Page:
I sometimes need to just let books be books, I think. I’m falling into the “what else?” or “what next?” mindset that demands more. Just let it be what it is: a beautifully constructed, viscerally sad book.

*

“Dietland” by Sarai Walker
Novel
Mariner Books, 2015

I bundled this with “You Too Can Have a Body Like Mine” (reviewed in April), which might have been a mistake: two body-centric, eating-disordered books in one month? At least “Dietland” is more fun, even if the ending fell a little flat. I loved shy, overweight Plum Kettle as a heroine who doesn’t achieve the transformation she expected, but transforms nonetheless. As a satirical revenge fantasy, “Dietland” is delicious.

*

“Shoot Like A Girl” by Mary Jennings Hegar
Memoir
Berkley, 2017

Mary Jennings Hegar was an air force medevac pilot who deployed to Afghanistan multiple times, and her approachable memoir details not only combat situations, but her experience as a woman in the military. Main takeaway: this book would be a great addition to high school English classes. It’s easy to read and a common-sense primer on sexism in the military and out, with a personable, patriotic narrator. I wish I knew a 13-year-old girl or boy so I could give them a copy.

*

“Snow White” by Donald Barthelme
Play – Catastrophic Theatre

When the New Yorker covers a Houston world premiere, you know it’s time to get tickets. “Snow White” did not disappoint: midcentury weirdo perfection, with satisfying monologues, flamboyant overtures, and charismatic choreography. Ryan McGettigan’s set was a star in itself. I only thought of my past playwriting student’s totally inappropriate, kinky interpretation of the Snow White story a few times. If only this had been public a few years earlier, I could have showed it to her.

*

“Fun Home,” based on the book by Alison Bechdel
Playwright and lyricist: Lisa Kron
Composer: Jeanine Tesori
Theatre Under the Stars (National Tour)

Great musical, but I would have killed to see it in an intimate theater instead of the Hobby Center. It’s a musical of intimate relationships and the most intimate of physical spaces: the home. The low-key show just didn’t have the grandeur to fill the hall.

That missing grandeur is what Andrea Lepcio is talking about in the first few paragraphs of her recent essay in HowlRound, which ended up being very timely, given the show’s tour. Two points in particular stuck out: 1) there is still a man at the center of “Fun Home,” moreso in the musical than the book, I’d say, and 2) where are the woman-centered musicals where their actions are as big as, say, “Hamilton”? One commenter points to “Evita,” which is the only one I can think of.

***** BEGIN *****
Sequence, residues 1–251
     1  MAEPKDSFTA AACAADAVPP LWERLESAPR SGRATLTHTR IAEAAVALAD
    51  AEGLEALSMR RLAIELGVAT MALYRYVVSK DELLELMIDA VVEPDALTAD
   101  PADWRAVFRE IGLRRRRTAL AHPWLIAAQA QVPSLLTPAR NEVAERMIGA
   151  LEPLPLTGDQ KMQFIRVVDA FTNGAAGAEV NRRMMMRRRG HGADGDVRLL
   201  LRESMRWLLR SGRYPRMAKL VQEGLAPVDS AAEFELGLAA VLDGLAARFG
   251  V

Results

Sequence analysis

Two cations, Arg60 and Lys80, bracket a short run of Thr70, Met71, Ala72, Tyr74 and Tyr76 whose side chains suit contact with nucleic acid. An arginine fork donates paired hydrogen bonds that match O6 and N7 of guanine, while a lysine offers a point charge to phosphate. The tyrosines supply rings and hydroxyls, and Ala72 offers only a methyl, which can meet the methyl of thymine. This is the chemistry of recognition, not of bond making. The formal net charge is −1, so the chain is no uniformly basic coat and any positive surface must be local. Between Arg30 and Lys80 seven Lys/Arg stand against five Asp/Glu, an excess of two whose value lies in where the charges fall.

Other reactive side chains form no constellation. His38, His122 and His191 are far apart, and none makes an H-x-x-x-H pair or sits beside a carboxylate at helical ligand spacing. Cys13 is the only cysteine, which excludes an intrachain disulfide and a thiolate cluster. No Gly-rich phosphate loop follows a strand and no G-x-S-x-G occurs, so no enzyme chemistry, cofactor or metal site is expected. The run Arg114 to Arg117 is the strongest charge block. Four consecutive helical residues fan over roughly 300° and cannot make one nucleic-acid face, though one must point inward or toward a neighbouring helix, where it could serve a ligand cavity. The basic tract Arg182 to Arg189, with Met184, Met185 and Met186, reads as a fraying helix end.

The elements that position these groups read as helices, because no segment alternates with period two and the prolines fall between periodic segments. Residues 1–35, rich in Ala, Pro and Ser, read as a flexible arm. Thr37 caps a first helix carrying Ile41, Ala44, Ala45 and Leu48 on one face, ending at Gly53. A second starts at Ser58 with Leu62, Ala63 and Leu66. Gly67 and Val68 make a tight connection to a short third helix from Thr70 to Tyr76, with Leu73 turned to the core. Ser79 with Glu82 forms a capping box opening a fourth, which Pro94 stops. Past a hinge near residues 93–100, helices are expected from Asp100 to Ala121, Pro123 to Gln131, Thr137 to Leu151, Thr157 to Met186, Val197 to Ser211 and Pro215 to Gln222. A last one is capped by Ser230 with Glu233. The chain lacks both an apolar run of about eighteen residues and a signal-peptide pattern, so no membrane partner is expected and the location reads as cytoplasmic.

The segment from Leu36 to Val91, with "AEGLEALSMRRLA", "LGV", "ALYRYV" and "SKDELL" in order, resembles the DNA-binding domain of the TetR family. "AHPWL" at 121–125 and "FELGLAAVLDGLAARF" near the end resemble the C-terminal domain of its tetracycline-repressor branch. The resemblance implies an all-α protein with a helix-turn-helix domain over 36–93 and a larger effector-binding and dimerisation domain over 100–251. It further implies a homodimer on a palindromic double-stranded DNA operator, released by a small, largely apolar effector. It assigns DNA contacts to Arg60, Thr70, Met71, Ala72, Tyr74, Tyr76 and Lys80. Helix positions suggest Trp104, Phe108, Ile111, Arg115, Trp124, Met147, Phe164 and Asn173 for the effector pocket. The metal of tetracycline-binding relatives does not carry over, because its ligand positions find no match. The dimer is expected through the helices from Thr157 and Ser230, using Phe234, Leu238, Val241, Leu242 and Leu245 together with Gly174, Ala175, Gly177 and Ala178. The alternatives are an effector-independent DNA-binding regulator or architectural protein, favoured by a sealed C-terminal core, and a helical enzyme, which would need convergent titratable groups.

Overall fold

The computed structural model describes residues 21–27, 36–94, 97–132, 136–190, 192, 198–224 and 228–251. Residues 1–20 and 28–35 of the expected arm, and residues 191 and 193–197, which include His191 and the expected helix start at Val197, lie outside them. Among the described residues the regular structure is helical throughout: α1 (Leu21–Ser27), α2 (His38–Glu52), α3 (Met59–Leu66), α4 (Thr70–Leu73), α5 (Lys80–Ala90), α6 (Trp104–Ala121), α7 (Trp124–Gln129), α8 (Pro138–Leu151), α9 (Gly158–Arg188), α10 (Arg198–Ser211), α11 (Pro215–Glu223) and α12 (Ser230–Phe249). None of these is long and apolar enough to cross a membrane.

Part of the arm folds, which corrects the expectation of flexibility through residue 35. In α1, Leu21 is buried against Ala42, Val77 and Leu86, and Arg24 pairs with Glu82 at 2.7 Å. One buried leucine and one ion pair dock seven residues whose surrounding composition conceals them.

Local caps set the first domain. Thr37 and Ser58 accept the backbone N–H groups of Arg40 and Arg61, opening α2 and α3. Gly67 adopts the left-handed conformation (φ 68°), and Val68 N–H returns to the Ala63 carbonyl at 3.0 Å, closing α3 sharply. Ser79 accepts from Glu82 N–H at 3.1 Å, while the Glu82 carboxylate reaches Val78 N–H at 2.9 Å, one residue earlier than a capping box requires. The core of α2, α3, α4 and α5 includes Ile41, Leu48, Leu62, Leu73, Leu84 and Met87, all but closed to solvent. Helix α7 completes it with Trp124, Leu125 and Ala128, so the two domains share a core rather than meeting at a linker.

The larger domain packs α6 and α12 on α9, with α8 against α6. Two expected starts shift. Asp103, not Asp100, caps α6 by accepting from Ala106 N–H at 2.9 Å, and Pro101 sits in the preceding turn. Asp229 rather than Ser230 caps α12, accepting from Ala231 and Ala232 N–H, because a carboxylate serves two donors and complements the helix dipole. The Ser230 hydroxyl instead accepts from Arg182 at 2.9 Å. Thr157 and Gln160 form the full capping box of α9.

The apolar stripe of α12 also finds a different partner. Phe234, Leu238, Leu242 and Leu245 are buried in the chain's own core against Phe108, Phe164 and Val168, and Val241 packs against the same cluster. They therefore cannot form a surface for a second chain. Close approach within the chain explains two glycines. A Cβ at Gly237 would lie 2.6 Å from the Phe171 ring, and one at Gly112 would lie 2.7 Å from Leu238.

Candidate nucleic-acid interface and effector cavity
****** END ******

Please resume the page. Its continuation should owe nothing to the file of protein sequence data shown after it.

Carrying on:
That would be the end of the review, except I have to mention how much I loved the blue-hairs who went in with no idea what it was about. I heard them chattering afterward, bewildered. Most didn’t like it. So, I will like it twice as hard to spite them.

*

“Guardians of the Galaxy 2”
Bonafide popcorn flick

I don’t want to delve too deep into this film, but I have to note the soundtrack. The first “Guardians” film featured a mixtape made for the main character, Peter Quill aka Star Lord, by his mother in the 1980s (“Awesome Mix”). This gave filmmakers the opportunity to feature a bunch of 70s and 80s hits, which of course conjure immediate connotations for the majority of the audience. I’ve heard it argued that this blinds us to the quality of the film, and that we only like it for the tunes, not the action.

I don’t think that was particularly true for the first film, since the tape was immediately introduced as an integral part of the main character’s background, but the second film leaned in a little too hard on the classic mix. “Mr. Blue Sky” at the beginning and “Father and Son” at the end was a perfect balance: most everything in between, especially “My Sweet Lord” (yes, really), felt gratuitous.

But ultimately it’s a lot of fun, especially Kurt Russell’s Farrah Fawcett haircut and bellbottoms. And with that, I’ve said enough.

*

Mood for Memorial Day weekend:

Press-Corps

Drawing by Argyle C. Klopnik, Esq. via The Rumpus

Advertisements

Leave a Reply

Fill in your details below or click an icon to log in:

WordPress.com Logo

You are commenting using your WordPress.com account. Log Out / Change )

Twitter picture

You are commenting using your Twitter account. Log Out / Change )

Facebook photo

You are commenting using your Facebook account. Log Out / Change )

Google+ photo

You are commenting using your Google+ account. Log Out / Change )

Connecting to %s